Challen Dewey Plum (1898-1977)

By Bill Cavender

C. D. Plum was born on June 5, 1898 on a farm in the hills of Wirt County, West Virginia, a place he later referred to lovingly as “Starvation Point.” He died at home, 2503 Liberty St., Parkersburg, West Virginia, at 12:30 p.m., June 30, 1977, at age 79 years and 25 days.

He went through the eight grade of school, then attended State Normal Colleges at Elizabeth and Ripley, West Virginia, and began teaching school. While teaching, at age 19, he met and married one of his students, Goldie May Henderson, age 16. They loved each other and lived together in holiness and devotion to God and to each other for 60 years and 3 months. To them three children were born: Wilma, who became Mrs. Carl Parsons and who passed away Aug. 20, 1965; Russell D., now age 56, who is crippled due to illness in his youth and who lives at home with his mother; and Charles D., who passed away Aug. 7, 1976 at age 51, who was a faithful gospel preacher and the Chief of Police in Parkersburg at the time of his death.

Brother C. D. Plum is survived by his wife, by Russell, by one sister who is in a nursing home in California, and by five grandchildren and ten great-grandchildren. Sister Plum is 76 years of age, appears to be in good health, and for the more than three years of Brother Plum’s illness and the one and one-half years he was bedfast, she tenderly and lovingly cared for him day and night without complaint, assisted by her two sisters and by her excellent daughter-in-law, sister Lillian Plum. Sister Plum is of the old school of womanhood, a gracious, lovely, modest, godly woman, who loves the Lord, the church, her husband and children, and all that is good and true. She and Russell will continue to live at their home which they built in 1941. (All preachers ought to own a home of their own.) Cards and letters will reach sister Plum at her home address if any of our readers wish to write her, to thank her for what she, her husband, and family have meant to the Lord’s cause and kingdom for these many years.

Brother Plum was baptized during a gospel meeting in 1911, held by J. H. Pennell. “One little twelve year old boy was baptized,” it was remarked, but that boy gave sixty-six years to the Lord’s work, fifty-six of them in active gospel preaching. He went to embalming school in Cincinnati, Ohio, immediately after marriage but never worked as a mortician. He began preaching in Hundred, West Virginia and in 1918 moved to East Liverpool, Ohio. After preaching there, he did located work in Moundsville, West Virginia; .Wheeling, West Virginia (where he did extensive radio preaching); Lynn Street in Parkersburg; Belpre, Ohio; West Broad Street and Whitehall churches in Columbus, Ohio; and in Paden City, West Virginia. In 1964 they moved to Coraopolis, Pennsylvania to care for their daughter who was terminally ill. Brother Plum began holding meetings and preaching for churches within driving distance of Coraopolis when he was not in meetings. He continued to do this for the next ten years, the remainder of his preaching life. After their daughter’s death, they moved to their own home in Parkersburg in March, 1966. In his 56 years of preaching, he baptized hundreds of people, holding meetings in twenty states and Canada. He held six meetings in Port Arthur, and was scheduled to hold another for us when he became too ill to preach anymore. We then asked Brother Charles D. Plum to come in his father’s place for the meeting. He consented, but then became ill with cancer and passed away before the time agreed upon.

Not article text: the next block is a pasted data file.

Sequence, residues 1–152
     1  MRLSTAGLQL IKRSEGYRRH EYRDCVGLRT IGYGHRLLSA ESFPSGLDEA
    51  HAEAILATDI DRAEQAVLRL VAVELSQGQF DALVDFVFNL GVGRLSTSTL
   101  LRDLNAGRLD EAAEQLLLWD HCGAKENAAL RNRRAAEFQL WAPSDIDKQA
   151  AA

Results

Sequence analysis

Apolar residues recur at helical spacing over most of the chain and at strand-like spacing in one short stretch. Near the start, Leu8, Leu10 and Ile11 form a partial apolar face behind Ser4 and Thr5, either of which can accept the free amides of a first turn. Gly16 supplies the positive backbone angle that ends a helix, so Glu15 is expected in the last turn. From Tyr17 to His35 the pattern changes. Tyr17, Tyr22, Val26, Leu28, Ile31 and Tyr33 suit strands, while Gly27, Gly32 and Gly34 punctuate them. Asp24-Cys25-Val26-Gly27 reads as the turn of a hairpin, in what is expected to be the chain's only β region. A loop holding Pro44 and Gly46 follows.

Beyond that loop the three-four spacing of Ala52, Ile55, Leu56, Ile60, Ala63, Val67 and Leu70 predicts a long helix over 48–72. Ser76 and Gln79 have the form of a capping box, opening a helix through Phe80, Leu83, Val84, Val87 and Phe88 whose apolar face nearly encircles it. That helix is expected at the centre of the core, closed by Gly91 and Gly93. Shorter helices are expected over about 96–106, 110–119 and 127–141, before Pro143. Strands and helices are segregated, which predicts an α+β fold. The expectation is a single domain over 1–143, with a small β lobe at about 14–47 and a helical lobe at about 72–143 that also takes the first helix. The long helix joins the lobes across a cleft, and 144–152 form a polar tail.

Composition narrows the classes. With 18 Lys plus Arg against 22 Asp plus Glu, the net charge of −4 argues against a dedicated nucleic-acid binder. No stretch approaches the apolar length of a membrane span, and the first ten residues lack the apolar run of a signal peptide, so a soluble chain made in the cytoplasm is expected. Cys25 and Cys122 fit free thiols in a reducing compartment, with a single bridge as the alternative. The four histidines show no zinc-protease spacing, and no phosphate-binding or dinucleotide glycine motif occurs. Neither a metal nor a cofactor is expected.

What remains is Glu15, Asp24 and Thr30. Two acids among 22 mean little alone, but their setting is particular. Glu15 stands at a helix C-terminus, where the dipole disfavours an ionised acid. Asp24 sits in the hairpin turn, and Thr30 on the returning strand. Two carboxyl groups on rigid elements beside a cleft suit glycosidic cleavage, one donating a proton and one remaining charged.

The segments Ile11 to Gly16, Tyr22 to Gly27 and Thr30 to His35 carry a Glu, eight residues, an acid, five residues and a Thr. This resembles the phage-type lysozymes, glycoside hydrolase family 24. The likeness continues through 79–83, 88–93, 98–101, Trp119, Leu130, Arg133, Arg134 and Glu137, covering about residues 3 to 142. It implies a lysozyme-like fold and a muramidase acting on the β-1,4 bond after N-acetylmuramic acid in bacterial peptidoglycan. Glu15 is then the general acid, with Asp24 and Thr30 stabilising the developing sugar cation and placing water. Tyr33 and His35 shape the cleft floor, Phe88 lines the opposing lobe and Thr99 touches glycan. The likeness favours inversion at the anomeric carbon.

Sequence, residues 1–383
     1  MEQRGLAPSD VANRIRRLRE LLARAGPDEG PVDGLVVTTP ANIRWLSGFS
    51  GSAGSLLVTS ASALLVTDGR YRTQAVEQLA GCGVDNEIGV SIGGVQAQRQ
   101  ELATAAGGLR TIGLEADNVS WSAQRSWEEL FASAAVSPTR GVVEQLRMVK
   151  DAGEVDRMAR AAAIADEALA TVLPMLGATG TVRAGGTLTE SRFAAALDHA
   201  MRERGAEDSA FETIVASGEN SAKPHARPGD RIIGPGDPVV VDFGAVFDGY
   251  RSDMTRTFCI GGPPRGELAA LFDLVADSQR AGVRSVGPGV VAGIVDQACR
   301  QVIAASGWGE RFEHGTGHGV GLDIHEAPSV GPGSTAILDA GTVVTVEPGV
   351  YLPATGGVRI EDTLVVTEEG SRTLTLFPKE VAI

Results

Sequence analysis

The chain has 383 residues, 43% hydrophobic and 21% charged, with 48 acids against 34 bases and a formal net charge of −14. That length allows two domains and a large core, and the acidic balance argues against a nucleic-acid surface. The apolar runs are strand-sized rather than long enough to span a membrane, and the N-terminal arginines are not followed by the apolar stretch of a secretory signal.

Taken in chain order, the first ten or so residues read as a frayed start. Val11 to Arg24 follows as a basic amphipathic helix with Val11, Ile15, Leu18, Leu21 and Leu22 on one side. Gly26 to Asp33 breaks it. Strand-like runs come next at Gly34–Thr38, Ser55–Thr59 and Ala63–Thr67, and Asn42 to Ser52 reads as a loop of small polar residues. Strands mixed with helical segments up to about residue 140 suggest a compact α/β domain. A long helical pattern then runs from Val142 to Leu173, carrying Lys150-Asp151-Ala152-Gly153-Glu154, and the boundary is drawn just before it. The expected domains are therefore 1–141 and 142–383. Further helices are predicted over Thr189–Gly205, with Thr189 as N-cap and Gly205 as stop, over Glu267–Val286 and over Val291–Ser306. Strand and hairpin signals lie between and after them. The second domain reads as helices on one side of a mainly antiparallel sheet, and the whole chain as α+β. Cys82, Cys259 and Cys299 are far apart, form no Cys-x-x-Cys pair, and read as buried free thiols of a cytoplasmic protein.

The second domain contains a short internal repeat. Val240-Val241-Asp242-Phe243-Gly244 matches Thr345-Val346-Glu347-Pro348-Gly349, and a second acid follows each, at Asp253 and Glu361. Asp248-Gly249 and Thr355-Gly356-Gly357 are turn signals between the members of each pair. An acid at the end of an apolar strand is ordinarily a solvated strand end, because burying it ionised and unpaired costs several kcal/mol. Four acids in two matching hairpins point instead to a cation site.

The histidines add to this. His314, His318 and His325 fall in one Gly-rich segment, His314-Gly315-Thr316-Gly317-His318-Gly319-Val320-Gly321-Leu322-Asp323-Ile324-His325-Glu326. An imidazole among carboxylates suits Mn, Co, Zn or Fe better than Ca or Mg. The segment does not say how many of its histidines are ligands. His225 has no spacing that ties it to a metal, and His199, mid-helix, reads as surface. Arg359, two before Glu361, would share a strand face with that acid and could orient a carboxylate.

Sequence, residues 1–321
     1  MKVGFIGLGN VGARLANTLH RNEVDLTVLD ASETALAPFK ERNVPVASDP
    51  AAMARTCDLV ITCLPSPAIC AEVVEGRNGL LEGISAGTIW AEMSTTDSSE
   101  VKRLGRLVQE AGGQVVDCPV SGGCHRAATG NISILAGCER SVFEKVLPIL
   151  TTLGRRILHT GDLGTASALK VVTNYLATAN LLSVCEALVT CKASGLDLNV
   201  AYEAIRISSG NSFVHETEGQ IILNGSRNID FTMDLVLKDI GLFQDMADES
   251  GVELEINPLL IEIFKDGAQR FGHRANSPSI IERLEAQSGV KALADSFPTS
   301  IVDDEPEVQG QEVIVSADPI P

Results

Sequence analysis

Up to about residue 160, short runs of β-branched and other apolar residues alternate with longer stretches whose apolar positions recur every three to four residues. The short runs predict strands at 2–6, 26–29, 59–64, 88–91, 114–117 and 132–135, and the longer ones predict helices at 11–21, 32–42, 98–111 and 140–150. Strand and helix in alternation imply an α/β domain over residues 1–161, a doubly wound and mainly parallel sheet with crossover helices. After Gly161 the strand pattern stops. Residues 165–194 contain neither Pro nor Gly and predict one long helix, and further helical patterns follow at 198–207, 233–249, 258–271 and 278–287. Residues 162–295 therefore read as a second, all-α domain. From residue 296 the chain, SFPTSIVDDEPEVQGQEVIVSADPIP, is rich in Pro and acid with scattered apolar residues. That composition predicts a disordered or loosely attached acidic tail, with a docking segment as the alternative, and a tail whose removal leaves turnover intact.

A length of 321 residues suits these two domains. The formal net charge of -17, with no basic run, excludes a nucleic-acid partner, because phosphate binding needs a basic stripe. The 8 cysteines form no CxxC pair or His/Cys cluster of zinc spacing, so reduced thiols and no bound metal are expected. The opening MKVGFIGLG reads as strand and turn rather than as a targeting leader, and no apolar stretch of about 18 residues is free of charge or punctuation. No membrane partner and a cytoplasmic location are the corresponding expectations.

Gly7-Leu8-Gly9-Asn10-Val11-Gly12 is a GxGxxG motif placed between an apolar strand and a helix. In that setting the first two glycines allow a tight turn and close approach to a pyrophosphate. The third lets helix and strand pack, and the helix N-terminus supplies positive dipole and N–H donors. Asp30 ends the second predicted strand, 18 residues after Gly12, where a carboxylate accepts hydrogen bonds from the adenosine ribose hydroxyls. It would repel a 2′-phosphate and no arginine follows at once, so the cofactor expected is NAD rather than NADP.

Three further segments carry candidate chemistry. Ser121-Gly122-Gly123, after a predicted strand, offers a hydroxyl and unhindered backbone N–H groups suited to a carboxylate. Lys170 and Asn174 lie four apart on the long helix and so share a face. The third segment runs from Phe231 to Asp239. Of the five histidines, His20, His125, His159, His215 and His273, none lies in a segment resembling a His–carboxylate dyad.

Brother Plum engaged in two religious debates, both with the Seventh-Day Adventists. He wrote several tracts and for many years was a regular staff writer for the Gospel Advocate. He spoke on college lectureships, especially at Freed-Hardeman College, and was well known as a personal friend to the notable preachers, elders and brethren of the twenties, thirties and early forties. But all this changed in the forties, after World War II. In the late forties and early fifties, when the Gospel Advocate became the foremost voice for institutionalism (human institutions being supported, maintained and subsidized from church treasuries) and centralized church cooperation (many churches working through a centralized, sponsoring-church arrangement, with a concentration of plans, funds and personnel under the oversight of a central eldership), Brother Plum opposed this unscriptural movement and wrote in opposition to these digressive, liberal practices and plans. The Advocate editor, Brother B. C. Goodpasture, ceased printing his articles, so Brother Plum resigned from the Advocate staff. He later remarked that the twenty-five dollars a month he received as a staff writer was greatly needed in those days, yet he could not take it to the peril of his soul. He was the first writer to quit the Advocate due to the paper’s liberalism. He contributed articles afterwards to several papers among faithful brethren, the Gospel Guardian and especially Truth Magazine being the main outlets for his views. His writing was ever like his preaching-true to God’s word, simple, understandable and appealing.